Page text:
World Dog Day (August 26th) celebrates the bond between humans and dogs that has evolved over thousands of years in cultures all over the world. Dogs are highly adapted to living with and understanding humans, and as we increasingly share our lives with them we see clear links between our health and theirs.
Worldwide, there are examples of the interconnection between dog and human health, and what happens when dog health is ignored. Common problems that affect dogs all over the world include lack of vaccination against infectious diseases, inadequate and inappropriate nutrition, insufficient exercise, boredom, deprived social environments, unmanaged reproductive activity and behavior problems. These problems clearly affect the dogs but also affect humans when dogs become a nuisance or danger.
Kate Atema, IFAW Program Director for Companion Animals: "IFAW's projects, whether in South Africa, Mexico, Indonesia, China, North America or Germany, see common problems that are caused by failures of communities to ensure that dogs have the basic requirements for physical and psychological health. Neglected, abused and sick dogs result from, and exacerbate, societal problems. Everywhere we go the lives and well-being of dogs and humans are integrally linked."
Here in Canada, many First Nations communities are struggling with dog-related problems that are often linked to human health and safety and IFAW provides services and support to them via its Northern Dogs Project. Remoteness and lack of access to veterinary care is a primary concern in a number of First Nations communities, and it leaves dogs vulnerable to disease and illness that can, in some cases, be passed on to humans.
Jan Hannah, IFAW Project Manager for the Northern Dogs Project : "Canada's First Nations are faced with a great many challenges, and sometimes dogs fall to the bottom of the priority list. In addition, many of these communities are located literally hours from a veterinarian, making disease prevention very difficult. I get calls every day from communities that are struggling and need help."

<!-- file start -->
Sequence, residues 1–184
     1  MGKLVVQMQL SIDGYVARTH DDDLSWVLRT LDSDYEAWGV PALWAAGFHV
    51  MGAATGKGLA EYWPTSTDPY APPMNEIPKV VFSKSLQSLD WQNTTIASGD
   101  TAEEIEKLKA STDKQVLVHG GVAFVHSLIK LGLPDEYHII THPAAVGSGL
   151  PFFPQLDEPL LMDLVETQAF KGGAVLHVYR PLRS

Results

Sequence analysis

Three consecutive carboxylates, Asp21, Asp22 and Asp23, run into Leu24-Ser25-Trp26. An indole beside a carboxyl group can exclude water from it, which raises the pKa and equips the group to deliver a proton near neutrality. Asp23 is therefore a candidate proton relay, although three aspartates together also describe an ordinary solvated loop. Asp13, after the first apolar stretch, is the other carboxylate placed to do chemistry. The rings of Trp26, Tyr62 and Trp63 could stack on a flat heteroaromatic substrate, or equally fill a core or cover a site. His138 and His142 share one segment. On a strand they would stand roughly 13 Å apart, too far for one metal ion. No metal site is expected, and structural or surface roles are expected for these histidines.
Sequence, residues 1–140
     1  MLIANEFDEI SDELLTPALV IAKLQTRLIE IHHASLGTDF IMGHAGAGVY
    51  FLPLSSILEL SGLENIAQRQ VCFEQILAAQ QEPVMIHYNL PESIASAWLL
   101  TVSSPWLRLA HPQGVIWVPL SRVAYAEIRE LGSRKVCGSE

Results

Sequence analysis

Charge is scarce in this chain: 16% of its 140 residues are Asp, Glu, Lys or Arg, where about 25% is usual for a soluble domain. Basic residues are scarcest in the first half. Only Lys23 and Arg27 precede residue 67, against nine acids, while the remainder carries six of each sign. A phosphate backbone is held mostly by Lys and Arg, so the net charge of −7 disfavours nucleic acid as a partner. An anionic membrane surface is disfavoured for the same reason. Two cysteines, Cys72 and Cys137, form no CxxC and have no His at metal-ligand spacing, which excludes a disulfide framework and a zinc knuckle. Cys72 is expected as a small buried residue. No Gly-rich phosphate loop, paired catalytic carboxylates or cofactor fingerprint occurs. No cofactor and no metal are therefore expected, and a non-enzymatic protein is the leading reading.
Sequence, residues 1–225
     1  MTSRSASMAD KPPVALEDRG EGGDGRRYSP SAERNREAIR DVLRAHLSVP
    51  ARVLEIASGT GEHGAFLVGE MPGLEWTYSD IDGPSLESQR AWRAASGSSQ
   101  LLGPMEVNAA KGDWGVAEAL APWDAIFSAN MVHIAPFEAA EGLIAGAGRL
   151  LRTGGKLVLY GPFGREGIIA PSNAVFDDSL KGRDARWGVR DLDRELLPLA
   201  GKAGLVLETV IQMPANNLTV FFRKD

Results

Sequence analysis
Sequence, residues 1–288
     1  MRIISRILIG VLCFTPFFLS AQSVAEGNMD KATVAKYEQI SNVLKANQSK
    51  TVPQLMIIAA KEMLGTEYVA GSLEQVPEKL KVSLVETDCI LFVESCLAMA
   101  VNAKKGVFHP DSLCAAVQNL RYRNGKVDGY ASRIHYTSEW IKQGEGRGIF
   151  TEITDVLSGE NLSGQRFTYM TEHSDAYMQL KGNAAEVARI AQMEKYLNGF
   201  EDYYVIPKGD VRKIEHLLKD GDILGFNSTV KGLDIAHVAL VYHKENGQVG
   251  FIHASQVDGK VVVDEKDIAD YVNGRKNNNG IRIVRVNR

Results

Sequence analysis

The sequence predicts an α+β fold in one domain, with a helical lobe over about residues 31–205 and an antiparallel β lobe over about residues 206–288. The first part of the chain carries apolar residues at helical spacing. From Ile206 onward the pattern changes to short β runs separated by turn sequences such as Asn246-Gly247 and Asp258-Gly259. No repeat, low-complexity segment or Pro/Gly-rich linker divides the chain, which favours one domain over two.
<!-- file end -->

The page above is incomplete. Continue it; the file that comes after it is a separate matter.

Roaming dogs are a common sight in many First Nations communities, but they can pose a risk to human health and safety when the dogs' basic needs are not being met. Roaming dogs sometimes form packs or become a nuisance when they are not fed properly and have to scavenge for food, when they're not sterilized and males fight for females or if they're not vaccinated and contract diseases.
Hannah explains: "Dogs are resourceful, but they are still dependent on a human guardian to meet their needs. In the absence of a human guardian the behaviours they exhibit, like chasing cars or biting kids for food, aren't usually desirable in a community. We work with communities to identify those problem areas and collaborate on ways to fix them."
Through community education and veterinary assistance, IFAW brings the importance of disease prevention and well-being to the forefront of dog and community health. Because of the close relationship between dogs and people, the welfare of each is dependent on the other.
SOURCE and LINK:
IFAW (the International Fund for Animal Welfare)